“Iowa you have shocked the nation,” the 38-year-old gay military reservist told cheering supporters in what sounded very much like a victory speech. “Because tonight, an improbable hope became an undeniable reality.”

Sanders, running as a democratic socialist, also took to the microphones to proclaim he had “a good feeling we’re going to be doing very, very well here in Iowa.”

“Tonight in this enormously consequential 2020 election, the first state in the country has voted, and today marks the beginning of the end for Donald Trump,” said the 78-year-old.

A Bernie supporter from Des Moines, 35-year-old Lauren Campbell, expressed nervousness at the results’ delay. “As a Bernie supporter in 2016, it’s very easy for me to not trust the system right now.

But Sanders later took the bold step of releasing internal, unpublished results from nearly 40 percent of precincts, showing him with 28.62 percent of the state delegate equivalent, the all-important figure used to determine who wins the Iowa caucuses.

Buttigieg earned 25.71 percent, followed by progressive Senator Elizabeth Warren on 18.42 percent, the data indicated.

Biden, the national frontrunner, was in fourth spot, at 15.08 percent, a disappointing showing for the candidate who has consistently claimed he is the person best positioned to take on and defeat Trump.

‘Feeling good’
Senator Elizabeth Warren’s campaign pushed back at Sanders’ move, with her chief strategist Joe Rospars, tweeting: “Any campaign saying they won or putting out incomplete numbers is contributing to the chaos and misinformation.”

But as the waiting dragged on, with zero results reported, other candidates also made claims to have beaten expectations.

“I’m feeling good,” Biden said before Sanders released the internals. “So it’s on to New Hampshire, Nevada, South Carolina, well beyond. We’re in this for the long haul.”

New Hampshire votes second, on February 11, and tradition dictates that the top performers in Iowa board jets and race to The Granite State to capitalize on the momentum.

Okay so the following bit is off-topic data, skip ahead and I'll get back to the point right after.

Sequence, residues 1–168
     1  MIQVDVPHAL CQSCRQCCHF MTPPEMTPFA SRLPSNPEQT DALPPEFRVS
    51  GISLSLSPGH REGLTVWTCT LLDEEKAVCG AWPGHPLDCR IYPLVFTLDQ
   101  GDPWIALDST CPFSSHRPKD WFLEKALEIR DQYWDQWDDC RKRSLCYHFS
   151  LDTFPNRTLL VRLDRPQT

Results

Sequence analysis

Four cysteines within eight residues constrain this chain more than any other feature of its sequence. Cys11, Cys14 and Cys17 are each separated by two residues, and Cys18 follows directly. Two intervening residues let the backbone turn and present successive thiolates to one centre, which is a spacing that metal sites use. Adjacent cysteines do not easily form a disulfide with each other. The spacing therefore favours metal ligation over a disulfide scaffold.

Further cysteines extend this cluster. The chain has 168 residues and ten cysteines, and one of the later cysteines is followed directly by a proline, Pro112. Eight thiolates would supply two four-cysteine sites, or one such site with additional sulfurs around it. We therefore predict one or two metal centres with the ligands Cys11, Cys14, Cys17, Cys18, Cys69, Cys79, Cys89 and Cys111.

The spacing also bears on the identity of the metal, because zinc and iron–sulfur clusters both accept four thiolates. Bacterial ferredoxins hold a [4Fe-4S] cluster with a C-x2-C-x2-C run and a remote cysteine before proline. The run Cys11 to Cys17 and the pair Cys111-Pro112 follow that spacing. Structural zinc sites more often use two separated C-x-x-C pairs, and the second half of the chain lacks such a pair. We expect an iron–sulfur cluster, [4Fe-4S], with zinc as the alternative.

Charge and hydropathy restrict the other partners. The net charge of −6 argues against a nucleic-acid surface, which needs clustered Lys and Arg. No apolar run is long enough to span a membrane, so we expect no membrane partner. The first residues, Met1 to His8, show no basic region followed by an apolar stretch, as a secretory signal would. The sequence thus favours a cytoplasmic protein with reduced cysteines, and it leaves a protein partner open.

With the results in limbo, Senator Amy Klobuchar, from the neighbouring Midwestern state of Minnesota, insisted “we are punching above our weight.”

Sanders’s data shows Klobuchar in fifth, at 10.93 percent.

‘Big WIN’
Trump — who has been weighed down by an impeachment process expected to end with his acquittal on Wednesday — is almost certain to mention the chaos on Tuesday night when he address Congress and the nation during his annual State of the Union speech.

Unlike secret ballot voting, Iowa caucus-goers publicly declare their choice by standing together with other supporters of a candidate. Candidates who reach 15 percent support earn delegates for the nomination race while supporters of candidates who fall short can shift to others.

It appeared the delays may have been exacerbated by new rules that the Democratic Party instituted after the 2016 election that now require caucuses to report three sets of numerical data throughout the process, rather than one set previously.

Held across nearly 1,700 sites, the Iowa vote offers a critical early look at the viability of the 11 Democrats still in the race — even though just 41 delegates are up for grabs, a fraction of the 1,991 needed to secure the nomination in July.